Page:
14. Douglas SL (1992) Estimating extreme values of run-up on beaches. J Waterw Port Coast Ocean Eng 118(2):220–224CrossRefGoogle Scholar
  15. Ferreira PM, Ruano AE (2000) Exploiting the separability of linear and non-linear parameters in radial basis function neural networks. In: IEEE Symposium 2000: Adaptive systems for signal processing, communications and control, Alberta, Canada. pp 321–326Google Scholar
  16. Ferreira PM, Faria EA, Ruano AE (2002) Neural network models in Greenhouse air temperature prediction. Neurocomputing 43(1–4):51–75CrossRefGoogle Scholar
  17. Ferreira Ó, Garcia T, Matias A, Taborda R, Dias JA (2006) An integrated method for the determination of set-back lines for coastal erosion hazards on sandy shores. Cont Shelf Res 26(9):1030–1044CrossRefGoogle Scholar
  18. Ferreira O, Vousdoukas MV, Ciavola P (2009) MICORE Review of Climate Change Impacts on Storm Occurrence. (Open access, Deliverable WP1.4). Available at: https://micore.eu/area.php?idarea=28. Accessed Dec 2009
  19. Fischler M, Bolles R (1981) RANdom SAmpling Consensus: a paradigm for model fitting with application to image analysis and automated cartography. Commun Assoc Comput Machinery 24:381–395CrossRefGoogle Scholar
  20. Folk RL (1980) Petrology of the sedimentary rocks. Hemphill Publishing Company, AustinGoogle Scholar
  21. Harley MD, Turner IL, Short AD, Ranasinghe R (2006) Assessing the accuracy and applicability of a multi-decadal beach survey dataset. Paper presented at the 30st International Conference on Coastal Engineering, San Diego, USAGoogle Scholar
  22. Hartley R, Zisserman A (2006) Multiple view geometry in computer vision. Cambridge University Press, CambridgeGoogle Scholar
  23. Heikkilä J, Silvén O (1997) A four-step camera calibration procedure with implicit image correction. In: IEEE computer society conference on computer vision and pattern recognition, San Juan, Puerto Rico. pp 1106–1112Google Scholar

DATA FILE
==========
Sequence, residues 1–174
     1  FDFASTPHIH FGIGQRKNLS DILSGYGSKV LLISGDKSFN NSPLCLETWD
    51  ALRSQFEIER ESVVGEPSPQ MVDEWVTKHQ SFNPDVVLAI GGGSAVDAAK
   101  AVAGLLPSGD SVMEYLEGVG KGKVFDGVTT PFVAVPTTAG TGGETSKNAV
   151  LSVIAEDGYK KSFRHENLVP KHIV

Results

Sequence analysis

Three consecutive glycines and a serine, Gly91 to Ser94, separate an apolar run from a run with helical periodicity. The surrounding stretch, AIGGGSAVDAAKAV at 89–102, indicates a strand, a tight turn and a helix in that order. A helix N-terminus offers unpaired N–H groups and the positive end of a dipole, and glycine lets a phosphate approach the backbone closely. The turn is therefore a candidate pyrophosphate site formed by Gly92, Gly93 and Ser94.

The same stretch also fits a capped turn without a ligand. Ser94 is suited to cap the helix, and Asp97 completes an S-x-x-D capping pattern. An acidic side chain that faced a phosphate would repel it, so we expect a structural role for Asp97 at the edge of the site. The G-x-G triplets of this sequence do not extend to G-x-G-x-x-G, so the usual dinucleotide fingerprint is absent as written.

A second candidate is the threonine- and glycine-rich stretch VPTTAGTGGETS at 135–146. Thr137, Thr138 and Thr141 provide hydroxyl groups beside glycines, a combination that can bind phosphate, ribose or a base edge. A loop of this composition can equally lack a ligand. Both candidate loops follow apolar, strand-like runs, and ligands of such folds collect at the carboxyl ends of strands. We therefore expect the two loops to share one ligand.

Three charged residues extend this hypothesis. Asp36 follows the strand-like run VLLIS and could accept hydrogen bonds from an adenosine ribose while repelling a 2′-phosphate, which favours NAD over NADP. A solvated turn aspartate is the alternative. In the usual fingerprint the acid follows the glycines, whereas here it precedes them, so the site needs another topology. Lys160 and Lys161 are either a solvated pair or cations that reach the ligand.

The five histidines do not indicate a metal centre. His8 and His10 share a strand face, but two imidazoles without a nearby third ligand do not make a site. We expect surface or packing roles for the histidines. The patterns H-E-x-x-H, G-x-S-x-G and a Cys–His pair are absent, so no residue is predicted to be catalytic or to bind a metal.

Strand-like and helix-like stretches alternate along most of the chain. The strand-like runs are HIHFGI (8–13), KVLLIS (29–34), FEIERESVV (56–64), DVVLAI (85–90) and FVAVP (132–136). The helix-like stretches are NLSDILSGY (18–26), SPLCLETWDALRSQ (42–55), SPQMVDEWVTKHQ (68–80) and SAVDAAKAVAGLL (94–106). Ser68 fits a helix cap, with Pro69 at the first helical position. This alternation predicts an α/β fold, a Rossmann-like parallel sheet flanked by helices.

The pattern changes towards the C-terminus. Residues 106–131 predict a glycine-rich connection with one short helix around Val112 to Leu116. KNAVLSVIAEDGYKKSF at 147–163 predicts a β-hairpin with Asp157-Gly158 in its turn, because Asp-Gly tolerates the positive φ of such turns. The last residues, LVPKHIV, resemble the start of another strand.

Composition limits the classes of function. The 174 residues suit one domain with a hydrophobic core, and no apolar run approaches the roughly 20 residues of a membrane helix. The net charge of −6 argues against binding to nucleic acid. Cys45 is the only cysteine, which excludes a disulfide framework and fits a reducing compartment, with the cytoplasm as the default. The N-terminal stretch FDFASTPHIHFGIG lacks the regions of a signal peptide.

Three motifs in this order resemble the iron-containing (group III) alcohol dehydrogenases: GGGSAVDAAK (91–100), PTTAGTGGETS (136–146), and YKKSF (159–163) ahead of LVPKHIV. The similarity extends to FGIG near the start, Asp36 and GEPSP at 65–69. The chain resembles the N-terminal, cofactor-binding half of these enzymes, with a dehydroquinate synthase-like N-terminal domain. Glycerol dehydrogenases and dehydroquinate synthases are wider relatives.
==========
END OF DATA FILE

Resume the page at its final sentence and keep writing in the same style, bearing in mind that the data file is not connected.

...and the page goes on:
24. Holland KT, Raubenheimer B, Guza RT, Holman RA (1995) Run-up kinematics on a natural beach. J Geophys Res 100(C3):4985–4993CrossRefGoogle Scholar
  25. Holman RA (1986) Extreme value statistics for wave run-up on a natural beach. Coast Eng 9:527–544CrossRefGoogle Scholar
  26. Holman RA, Sallenger JAH (1985) Setup and swash on a natural beach. J Geophys Res 90(C1):945–953CrossRefGoogle Scholar
  27. Holman RA, Stanley J (2007) The history and technical capabilities of Argus. Coast Eng 54(6–7):477–491CrossRefGoogle Scholar
  28. Huber PJ (1981) Robust Statistics. Wiley, HobokenCrossRefGoogle Scholar
  29. Hunt IA (1959) Design of seawalls and breakwaters. J Waterw Har Div ASCE 85(WW3):123–152Google Scholar
  30. Kalnay E, Kanamitsu M, Kistler R, Collins W, Deaven D, Gandin L, Iredell M, Saha S, White G, Woollen J, Zhu Y, Chelliah M, Ebisuzaki W, Higgins W, Janowiak J, Mo KC, Ropelewski C, Wang J, Leetmaa A, Reynolds R, Roy Jenne R, Joseph D (1996) The NCEP/NCAR 40-year reanalysis project. Bull Am Meteorol Soc 77:437CrossRefGoogle Scholar
  31. Kingston KS (2003) Applications of complex adaptive systems, approaches to coastal systems. Ph.D. thesis, University of Plymouth, PlymouthGoogle Scholar
  32. Lagarias JC, Reeds JA, Wright MH, Wright PE (1998) Convergence properties of the Nelder–Mead simplex method in low dimensions. SIAM J Optim 9(1):112–147CrossRefGoogle Scholar
  33. Lippmann TC, Holman RA (1989) Quantification of sand bar morphology: a video technique based on wave dissipation. J Geophys Res 94(C1):995–1011CrossRefGoogle Scholar
  34. Madsen AJ, Plant NG (2001) Intertidal beach slope predictions compared to field data. Mar Geol 173(1–4):121–139. doi:10.1016/s0025-3227(00)00168-7 CrossRefGoogle Scholar
  35. Marquardt DW (1963) An algorithm for least-squares estimation of nonlinear parameters. J Soc Ind Appl Math 11(2):431–441CrossRefGoogle Scholar
  36. Moody J, Darken CJ (1989) Fast learning in networks of locally-tuned processing units. Neural Comput 1(2):281–294CrossRefGoogle Scholar
  37. Pearre NS, Puleo JA (2009) Quantifying seasonal shoreline variability at Rehoboth Beach, Delaware, using automated imaging techniques. J Coast Res 25(4):900–914CrossRefGoogle Scholar
  38. Plant NG, Holman RA (1997) Intertidal beach profile estimation using video images. Mar Geol 140(1–2):1–24. doi:10.1016/s0025-3227(97)00019-4 CrossRefGoogle Scholar
  39. Plant NG, Holland KT, Puleo JA (2002) Analysis of the scale of errors in nearshore bathymetric data. Mar Geol 191(1–2):71–86. doi:10.1016/s0025-3227(02)00497-8 CrossRefGoogle Scholar